3
  • Beautiful class but it has a little problem if start() is executed in a loop. It may pass the is_running check due to the _run function executed in another thread. So the last self._timer is reassigned and it cannot be stopped. Check out my answer for the proper version.
    – fdb
    Sep 19 '13 at 22:58
  • @fdb: I'm not sure I understood your points. If you execute start() in a loop using the same class instance, it won't do anything. If you create a new instance, it will trigger a different timer (allowing you to have multiple simultaneous timers). As for multithreading, yes, it's excepted that each start() (or __init__() to be called in the same thread
    – MestreLion
    Sep 22 '13 at 4:15
  • It's a my mistake with "loop" word: I mean a fast calling (implemented with a do...loop) to the start() function. Fast enought to be more fast than the setting of "is_running" flag by the _run() function.
    – fdb
    Sep 30 '13 at 14:38
9

Based on MestreLion answer, it solve a little problem with multithreading:

from threading import Timer, Lock


class Periodic(object):
    """
    A periodic task running in threading.Timers
    """

    def __init__(self, interval, function, *args, **kwargs):
        self._lock = Lock()
        self._timer = None
        self.function = function
        self.interval = interval
        self.args = args
        self.kwargs = kwargs
        self._stopped = True
        if kwargs.pop('autostart', True):
            self.start()

    def start(self, from_run=False):
        self._lock.acquire()
        if from_run or self._stopped:
            self._stopped = False
            self._timer = Timer(self.interval, self._run)
            self._timer.start()
            self._lock.release()

    def _run(self):
        self.start(from_run=True)
        self.function(*self.args, **self.kwargs)

    def stop(self):
        self._lock.acquire()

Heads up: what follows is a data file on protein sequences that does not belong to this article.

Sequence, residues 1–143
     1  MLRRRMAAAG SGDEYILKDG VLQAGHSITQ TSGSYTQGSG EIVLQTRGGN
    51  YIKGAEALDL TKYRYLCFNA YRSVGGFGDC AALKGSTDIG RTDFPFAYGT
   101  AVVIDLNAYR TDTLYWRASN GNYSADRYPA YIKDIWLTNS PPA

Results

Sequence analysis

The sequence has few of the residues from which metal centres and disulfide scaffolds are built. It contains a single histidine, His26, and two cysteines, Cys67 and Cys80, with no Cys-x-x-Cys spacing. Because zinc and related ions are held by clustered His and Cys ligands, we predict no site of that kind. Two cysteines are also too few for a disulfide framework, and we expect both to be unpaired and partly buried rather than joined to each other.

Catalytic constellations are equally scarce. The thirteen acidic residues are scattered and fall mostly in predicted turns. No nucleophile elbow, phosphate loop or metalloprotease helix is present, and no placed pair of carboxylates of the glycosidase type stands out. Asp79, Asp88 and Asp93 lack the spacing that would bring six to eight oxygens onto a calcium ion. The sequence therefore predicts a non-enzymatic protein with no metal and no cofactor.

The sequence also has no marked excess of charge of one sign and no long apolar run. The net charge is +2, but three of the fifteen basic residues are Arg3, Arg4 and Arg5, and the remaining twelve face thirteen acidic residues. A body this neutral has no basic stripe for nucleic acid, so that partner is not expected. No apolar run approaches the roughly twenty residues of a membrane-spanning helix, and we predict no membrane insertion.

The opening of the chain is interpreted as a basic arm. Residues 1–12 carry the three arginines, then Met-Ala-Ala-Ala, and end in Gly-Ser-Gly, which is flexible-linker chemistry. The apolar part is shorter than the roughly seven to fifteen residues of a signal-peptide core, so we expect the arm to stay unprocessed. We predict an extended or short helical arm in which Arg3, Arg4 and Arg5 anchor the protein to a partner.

self._stopped = True
        self._timer.cancel()
        self._lock.release()
1
  • Ha I was just putting the lock into the original. It is truly necessary. Thanks this is the correct version of MestreLion
    – Bob Denny
    Nov 30 '18 at 13:01
8

You could use the Advanced Python Scheduler. It even has a cron-like interface.

8

Use Celery.

from celery.task import PeriodicTask
from datetime import timedelta


class ProcessClicksTask(PeriodicTask):
    run_every = timedelta(minutes=30)

    def run(self, **kwargs):
        #do something
5

Based on Alex Martelli's answer, I have implemented decorator version which is more easier to integrated.

import sched
import time
import datetime
from functools import wraps
from threading import Thread


def async(func):
    @wraps(func)
    def async_func(*args, **kwargs):
        func_hl = Thread(target=func, args=args, kwargs=kwargs)
        func_hl.start()
        return func_hl
    return async_func


def schedule(interval):
    def decorator(func):
        def periodic(scheduler, interval, action, actionargs=()):
            scheduler.enter(interval, 1, periodic,
                            (scheduler, interval, action, actionargs))
            action(*actionargs)

        @wraps(func)
        def wrap(*args, **kwargs):
            scheduler = sched.scheduler(time.time, time.sleep)
            periodic(scheduler, interval, func)
            scheduler.run()
        return wrap
    return decorator


@async
@schedule(1)
def periodic_event():
    print(datetime.datetime.now())


if __name__ == '__main__':
    print('start')
    periodic_event()
    print('end')
3
  • This decorator solution is really great, but I have a proposal for a slight improvement: Add *args and **kwargs to the scheduled function call like this: def decorator(func, *args, **kwargs): def periodic(scheduler, interval, action, actionargs=(), kwargs={}): scheduler.enter(interval, 1, periodic, (scheduler, interval, action, actionargs, kwargs)) action(*actionargs, **kwargs) and below periodic(scheduler, interval, func, args, kwargs) This makes it possible to schedule functions with parameters.
    – opt12
    May 25 '19 at 9:36
  • @opt12 Are the params changed for each schedule?
    – northtree
    May 25 '19 at 10:13
  • Nope, the args are the same for each schedule, but you can decorate any function to be scheduled regularly. No matter whether they take parameters or not. These arguments are tha same for each run, but at least they can be supplied as initial argument.
    – opt12
    May 26 '19 at 15:09
2

Here's a quick and dirty non-blocking loop with Thread:

#!/usr/bin/env python3
import threading,time

def worker():
    print(time.time())
    time.sleep(5)